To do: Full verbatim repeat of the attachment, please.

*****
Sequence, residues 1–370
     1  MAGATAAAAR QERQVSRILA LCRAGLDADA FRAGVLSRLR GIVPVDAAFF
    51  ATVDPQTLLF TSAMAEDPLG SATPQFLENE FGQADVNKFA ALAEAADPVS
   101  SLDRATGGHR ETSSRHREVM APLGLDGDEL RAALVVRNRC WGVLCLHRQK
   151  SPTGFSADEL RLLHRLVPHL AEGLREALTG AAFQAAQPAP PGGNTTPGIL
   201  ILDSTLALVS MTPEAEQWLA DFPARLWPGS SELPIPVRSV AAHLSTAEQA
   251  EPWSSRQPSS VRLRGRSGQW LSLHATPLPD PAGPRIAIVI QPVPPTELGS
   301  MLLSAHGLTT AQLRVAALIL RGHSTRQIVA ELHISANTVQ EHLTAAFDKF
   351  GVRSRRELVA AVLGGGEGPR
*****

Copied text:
Sequence, residues 1–370
     1  MAGATAAAAR QERQVSRILA LCRAGLDADA FRAGVLSRLR GIVPVDAAFF
    51  ATVDPQTLLF TSAMAEDPLG SATPQFLENE FGQADVNKFA ALAEAADPVS
   101  SLDRATGGHR ETSSRHREVM APLGLDGDEL RAALVVRNRC WGVLCLHRQK
   151  SPTGFSADEL RLLHRLVPHL AEGLREALTG AAFQAAQPAP PGGNTTPGIL
   201  ILDSTLALVS MTPEAEQWLA DFPARLWPGS SELPIPVRSV AAHLSTAEQA
   251  EPWSSRQPSS VRLRGRSGQW LSLHATPLPD PAGPRIAIVI QPVPPTELGS
   301  MLLSAHGLTT AQLRVAALIL RGHSTRQIVA ELHISANTVQ EHLTAAFDKF
   351  GVRSRRELVA AVLGGGEGPR